The likelihood of a homeowner being approved for a short sale and foreclosed on a day or two later has diminished as a result of California laws that took effect Jan. 1.
Gov. Jerry Brown signed the Homeowner Bill of Rights into law to help ensure fair lending and borrowing practices. The law pertains to first trust deeds secured by owner-occupied properties with one to four residential units, according to the California Association of Realtors.
As part of the laws, homeowners are guaranteed a single point of contact with a person or team at a bank familiar with their case.
Part of the laws reflect the settlement where 49 states sued some of the major lenders, said Peter Solecki, a real estate attorney and partner at Larson & Solecki and general counsel to the San Diego Association of Realtors.
“I personally had people call me 20 times over the last five years where they are approved for a short sale or approved for a loan modification and then foreclosed on a day or two later. It was unfortunately very common,” Solecki said.
The law also states there is to be no dual tracking during a short sale or loan modification. This means that a mortgage servicer or lender can’t record a notice of default or notice of sale, or conduct a trustee’s sale, if a foreclosure prevention alternative has been approved in writing by all parties, or if the borrower’s complete application for a first lien loan modification is pending, according to the California Association of Realtors. A mortgage servicer must withdraw or cancel a pending trustee’s sale if a short sale has been approved by all parties.
Mark Goldman, real estate professor at San Diego State University, senior loan officer with C2 Financial Corp. and principal at The London Group, said a family member was a victim of dual tracking. A loan modification was in the process of being considered and the family member was placed on a trial modification for three months. The bank was working on a foreclosure at the same time, and after making three payments, he found out the property sold in foreclosure within 30 days.
“They negotiated the loan modification while they continued to process the foreclosure. They weren’t acting in good faith, and they’re now not allowed to do that,” Goldman said.
Acting in good faith may also bring in more money for banks by giving distressed customers an opportunity to resolve their problem on the loan and a reason to “come clean, as opposed to getting angry and frustrated,” Goldman said.
One of the provisions allows homeowners to sue the bank and recover attorneys’ fees and costs if the borrower prevails.
“I always ask [the borrowers] two questions. How much do you owe? That’s x. And what’s your home worth? That’s x minus y. So, let me get this straight. You want to pay me big bucks so you can save your debt,” Solecki said. “I would never take those cases because I didn’t think I would help those people. They were not cases where people had equity in their homes. They were cases where the homes were underwater.”
Other provisions of the law include, according CAR: no late or application fees while a first lien loan modification application is under consideration, a denial is being appealed, the borrowing is making modification payments, or a foreclosure prevention alternative is being evaluated or exercised; a mortgage servicer must provide a written receipt of a complete first lien modification application or a connected document that describes the process, including a timeframe and any deficiencies on the application; written approval for a foreclosure prevention alternative shall be honored by a subsequent mortgage servicer if the borrower’s loan is transferred or sold; and mortgage servicers must notify a borrower before and after a notice of default.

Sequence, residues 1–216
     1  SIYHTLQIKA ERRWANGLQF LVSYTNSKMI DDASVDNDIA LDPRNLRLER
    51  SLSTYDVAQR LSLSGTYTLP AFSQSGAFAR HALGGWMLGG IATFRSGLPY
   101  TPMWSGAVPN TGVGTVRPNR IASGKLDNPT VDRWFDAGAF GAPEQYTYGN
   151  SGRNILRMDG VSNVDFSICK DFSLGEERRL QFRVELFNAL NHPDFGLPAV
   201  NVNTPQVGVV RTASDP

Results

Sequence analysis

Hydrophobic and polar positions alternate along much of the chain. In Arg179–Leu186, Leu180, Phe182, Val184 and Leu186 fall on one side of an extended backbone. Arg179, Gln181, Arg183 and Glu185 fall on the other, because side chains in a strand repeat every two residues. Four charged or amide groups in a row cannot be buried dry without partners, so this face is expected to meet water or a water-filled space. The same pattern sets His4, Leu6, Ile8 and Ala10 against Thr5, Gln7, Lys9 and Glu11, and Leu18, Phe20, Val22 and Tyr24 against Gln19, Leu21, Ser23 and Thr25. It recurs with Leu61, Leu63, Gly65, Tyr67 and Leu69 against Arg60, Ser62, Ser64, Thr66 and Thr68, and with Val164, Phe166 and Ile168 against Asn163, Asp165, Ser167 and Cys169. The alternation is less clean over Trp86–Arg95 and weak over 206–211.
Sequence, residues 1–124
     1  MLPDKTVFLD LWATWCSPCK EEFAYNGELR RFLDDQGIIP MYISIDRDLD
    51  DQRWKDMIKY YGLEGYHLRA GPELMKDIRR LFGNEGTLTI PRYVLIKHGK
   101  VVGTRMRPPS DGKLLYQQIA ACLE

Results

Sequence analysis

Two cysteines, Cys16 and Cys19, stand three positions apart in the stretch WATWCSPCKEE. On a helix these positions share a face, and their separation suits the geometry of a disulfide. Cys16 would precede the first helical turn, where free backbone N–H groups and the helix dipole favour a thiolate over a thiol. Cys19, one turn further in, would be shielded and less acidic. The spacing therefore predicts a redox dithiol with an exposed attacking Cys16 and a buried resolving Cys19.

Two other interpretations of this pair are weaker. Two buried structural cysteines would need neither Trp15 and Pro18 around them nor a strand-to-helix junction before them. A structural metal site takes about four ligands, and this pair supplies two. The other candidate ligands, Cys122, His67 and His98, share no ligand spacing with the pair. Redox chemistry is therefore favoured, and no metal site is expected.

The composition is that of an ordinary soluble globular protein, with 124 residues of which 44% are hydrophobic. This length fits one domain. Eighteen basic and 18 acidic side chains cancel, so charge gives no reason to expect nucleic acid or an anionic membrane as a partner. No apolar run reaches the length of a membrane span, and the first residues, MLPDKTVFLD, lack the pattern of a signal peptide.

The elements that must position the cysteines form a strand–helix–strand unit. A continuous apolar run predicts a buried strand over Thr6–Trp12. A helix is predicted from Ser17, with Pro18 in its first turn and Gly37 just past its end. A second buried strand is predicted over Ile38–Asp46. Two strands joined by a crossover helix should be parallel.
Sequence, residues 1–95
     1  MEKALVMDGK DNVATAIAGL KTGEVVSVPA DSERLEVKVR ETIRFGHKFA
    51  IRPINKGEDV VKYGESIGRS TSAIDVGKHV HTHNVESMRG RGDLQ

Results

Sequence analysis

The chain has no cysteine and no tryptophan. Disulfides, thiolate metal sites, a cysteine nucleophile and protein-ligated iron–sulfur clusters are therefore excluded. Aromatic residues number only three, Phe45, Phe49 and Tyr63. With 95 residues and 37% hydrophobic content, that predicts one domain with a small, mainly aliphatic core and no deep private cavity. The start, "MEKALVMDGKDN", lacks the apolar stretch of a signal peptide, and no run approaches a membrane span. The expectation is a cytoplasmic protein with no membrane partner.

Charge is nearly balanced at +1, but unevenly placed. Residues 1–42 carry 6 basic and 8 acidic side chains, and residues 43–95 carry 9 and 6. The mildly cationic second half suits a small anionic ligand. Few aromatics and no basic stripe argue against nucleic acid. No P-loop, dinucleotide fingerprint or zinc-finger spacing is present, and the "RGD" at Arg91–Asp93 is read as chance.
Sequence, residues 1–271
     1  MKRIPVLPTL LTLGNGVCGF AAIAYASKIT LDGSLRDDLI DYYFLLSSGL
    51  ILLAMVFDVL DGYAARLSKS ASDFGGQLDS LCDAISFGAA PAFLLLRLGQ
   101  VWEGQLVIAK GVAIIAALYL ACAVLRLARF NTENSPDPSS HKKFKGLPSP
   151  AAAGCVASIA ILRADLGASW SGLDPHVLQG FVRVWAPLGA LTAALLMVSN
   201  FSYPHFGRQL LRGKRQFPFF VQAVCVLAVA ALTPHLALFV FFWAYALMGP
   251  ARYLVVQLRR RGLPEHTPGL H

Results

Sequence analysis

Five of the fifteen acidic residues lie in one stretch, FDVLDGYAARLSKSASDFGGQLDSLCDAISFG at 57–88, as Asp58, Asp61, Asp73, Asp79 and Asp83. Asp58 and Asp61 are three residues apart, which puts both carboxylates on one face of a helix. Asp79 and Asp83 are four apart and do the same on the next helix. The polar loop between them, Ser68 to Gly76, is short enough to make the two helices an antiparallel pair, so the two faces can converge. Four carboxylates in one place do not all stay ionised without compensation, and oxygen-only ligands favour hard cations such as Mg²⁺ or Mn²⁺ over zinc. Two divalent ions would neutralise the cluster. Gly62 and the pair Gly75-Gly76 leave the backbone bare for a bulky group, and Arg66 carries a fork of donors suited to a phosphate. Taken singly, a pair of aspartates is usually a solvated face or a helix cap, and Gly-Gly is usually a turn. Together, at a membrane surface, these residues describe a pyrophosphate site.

“There was some concern that there would be some significant issues with lack of two tracking. I think the general trend is continued,” Solecki said. “Foreclosure times are lengthening so it’s taking longer to foreclose on people. The short sale process continues to get better over time as the banks get more used to doing things. The single point of contact will be helpful but it’s too soon to tell how helpful it has been.”
Solecki said the biggest thing that’s helping is the economy.
“With the economy getting better and home prices going up, I’ve started to see already the first articles that say, ‘Are we into our next bubble?’” Solecki said.
Three people in the past three weeks told Solecki that they have received letters — two from Bank of America and one from Chase — that said their second is going to be reconveyed to them and they need to take no action and the reconveyance is in the mail.
“Things have slowly improved over time. From the total disaster of five years ago to these incremental laws that have at least given some structure. Laws that have been decried by some as unfair and inappropriate and allowing people to walk,” Solecki said. “I don’t see that myself, because the people I’m dealing with, many of them didn’t have a choice in the matter. And the banks believe the property was going to go up forever, and we could just bundle this up and sell it and make a ton of money. And it turns out they’re wrong and the government bails them out. Why should the individual suffer the burden when they did what the banks told them to do?”
Solecki’s clients at the beginning of the downturn were people heading into a situation where they would be underwater on their mortgages. Most of Solecki’s clients now are strategic defaults. A homeowner with a strategic default may be underwater for $100,000 and could pay, but it doesn’t make economic sense to, so they short sell it, Solecki said.